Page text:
which in and of itself has no bearing on the Appellant's allegation of bias.
40. It may be that the Appellant is
conflating or otherwise confusing the legal determination of bias in the
municipal context with suggested inconsistencies in decision-making by a
municipal council. As counsel for the Municipality correctly points out, the
Appellant must persuade the Commission that the Municipality closed its mind
to the Application.21 It has not done
so. The evidentiary threshold is high and the burden rests on the Appellant.
On this matter the Appellant has not provided any evidence to substantiate
the allegation and satisfy the legal test for bias.
41. The ten examples of decisions
referenced by the Appellant share a common theme; they are development
permits that do not state a specific requirement to connect to water and
sewer. The Appellant takes the
position that the Municipality has insisted upon a water and sewer hookup
for his proposed development and such position is inconsistent with these
ten examples of other permitted developments.
42. A development permit authorizes
the construction of a development, usually a building, based on an
application, buildings plans or other filed documentation.
A development permit does not need to specify or list the numerous
applicable bylaw requirements.
Compliance with the law in general and applicable bylaw requirements in
particular is implicit in the granting of a development permit.
Development permits usually go even further and specify that the
permit is subject to compliance with the provisions of a named bylaw.
43. Thus, the fact that numerous
development permits do not, on the face of the permit, state a requirement
to connect to water and sewer does not establish inconsistency with the
Municipality's water and sewer requirements.
44. Even when inconsistency has been
established, inconsistency is not bias. Past decisions of the Municipality
are not relevant to the Application or this appeal. They certainly do not,
at least in this appeal, establish bias. The Municipality was required to
consider the Application individually and on its own merits. Upon a thorough
review of the Record, the Commission accepts that the Municipality did just
Commission is satisfied that the Municipality properly interpreted
its Bylaw in denying the Application. The allegations of incomplete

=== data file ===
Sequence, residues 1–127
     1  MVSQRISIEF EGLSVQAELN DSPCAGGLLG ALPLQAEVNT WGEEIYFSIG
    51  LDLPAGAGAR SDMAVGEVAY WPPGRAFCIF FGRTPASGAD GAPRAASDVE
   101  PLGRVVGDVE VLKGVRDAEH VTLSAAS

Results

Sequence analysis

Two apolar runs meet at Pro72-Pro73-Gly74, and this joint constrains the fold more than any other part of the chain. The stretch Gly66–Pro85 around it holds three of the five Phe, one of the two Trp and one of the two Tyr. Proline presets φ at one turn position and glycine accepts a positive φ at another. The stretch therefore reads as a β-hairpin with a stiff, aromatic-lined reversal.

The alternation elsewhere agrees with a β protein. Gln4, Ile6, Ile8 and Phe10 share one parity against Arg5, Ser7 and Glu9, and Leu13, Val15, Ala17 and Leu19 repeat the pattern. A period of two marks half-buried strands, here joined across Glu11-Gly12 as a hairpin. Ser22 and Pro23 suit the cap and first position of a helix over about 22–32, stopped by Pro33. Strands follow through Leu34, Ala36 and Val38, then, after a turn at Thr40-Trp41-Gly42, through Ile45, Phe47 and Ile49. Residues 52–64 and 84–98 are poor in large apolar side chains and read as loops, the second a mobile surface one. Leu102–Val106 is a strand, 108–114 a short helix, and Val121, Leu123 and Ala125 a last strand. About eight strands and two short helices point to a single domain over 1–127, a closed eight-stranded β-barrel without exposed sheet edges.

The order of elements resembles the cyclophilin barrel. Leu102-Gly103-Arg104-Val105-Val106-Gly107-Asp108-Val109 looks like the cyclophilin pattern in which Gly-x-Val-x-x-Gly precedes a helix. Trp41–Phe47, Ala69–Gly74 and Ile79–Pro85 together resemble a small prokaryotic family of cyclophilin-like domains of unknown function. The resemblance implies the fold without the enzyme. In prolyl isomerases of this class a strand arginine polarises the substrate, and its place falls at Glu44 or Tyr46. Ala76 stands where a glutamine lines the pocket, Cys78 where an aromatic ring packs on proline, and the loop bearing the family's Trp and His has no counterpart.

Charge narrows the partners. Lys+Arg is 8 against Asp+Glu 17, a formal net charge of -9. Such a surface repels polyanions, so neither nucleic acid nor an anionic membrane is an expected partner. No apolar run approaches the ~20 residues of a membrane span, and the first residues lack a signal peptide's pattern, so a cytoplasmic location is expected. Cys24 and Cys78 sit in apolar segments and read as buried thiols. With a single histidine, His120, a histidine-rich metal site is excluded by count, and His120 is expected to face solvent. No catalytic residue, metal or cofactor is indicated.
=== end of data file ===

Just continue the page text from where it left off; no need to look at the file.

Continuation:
disclosure and bias are unfounded. The appeal is denied and the
decision of the Municipality is hereby affirmed.
correspondence from B. Drost to firstname.lastname@example.org
- Appeal Record, p.1.
Permit Application - Appeal Record, p.2.
Permit Application - Appeal Record, p.3.
Board Meeting Minutes dated July 11, 2018 - Appeal Record,
Board Meeting Minutes dated July 11, 2018 - Appeal Record,
Meeting Minutes dated July 16, 2018 - Appeal Record, p.30.
from B. MacDonald to P. Gallant dated July 17, 2018 - Appeal
of Appeal filed August 6, 2018 - Appeal Record, p.53.
from the Commission dated August 23, 2018.
Submissions filed September
Submissions filed September
filed September 14, 2018; Municipality Rebuttal Submissions filed
September 14, 2018.
Submissions Following Pre-Hearing Conference filed January 11, 2019.
Reply to Submissions Following Pre-Hearing Conference filed January
correspondence to the Commission's appeals administrator, Drost has
repeatedly asked for a disposition of the appeal
in his favour, or, alternatively, a full
oral hearing. The Commission is the master of its own procedure. It
has provided both parties with the opportunity to make written
submissions (both before and after the preliminary hearing) as well
as oral submissions at a lengthy preliminary hearing.
1988, c P-8.
the Appellant does not suggest that section 10.8 of the Bylaw is
ultra vires the Municipality or otherwise contrary to the
20Appellant Rebuttal Submissions field Septempber 14,
St. Boniface Residents Assn. Inc. v. Winnipeg (City),  3
the Commission has issued its findings in this matter in accordance with the Reasons for Order issued with this Order;
NOW THEREFORE pursuant to the
Island Regulatory and Appeals Commission Act
IT IS ORDERED THAT:
1. The appeal is denied.
at Charlottetown, Prince Edward Island, Friday, July 5 , 2019.
BY THE COMMISSION:
J. Scott MacKenzie, Q.C., Chair
John Broderick, Commissioner
Jean Tingley, Commissioner
Section 12 of the
Island Regulatory and Appeals Commission Act
reads as follows:
may, in its absolute discretion, review, rescind or vary any order or decision made by it,
or rehear any application before deciding it.
Parties to this proceeding seeking a review of the
Commission's decision or order in this matter may do so by filing with the Commission, at
the earliest date, a written Request for Review,
which clearly states the reasons for the review and the nature of the relief sought.
and 13(2) of the
Act provide as follows:
13.(1) An appeal lies from a decision or order of
the Commission to the Court of Appeal upon a question of law or
(2) The appeal shall be made by filing a notice of
appeal in the Court of Appeal within twenty days after the decision or
order appealed from and the rules of court respecting appeals apply with
the necessary changes.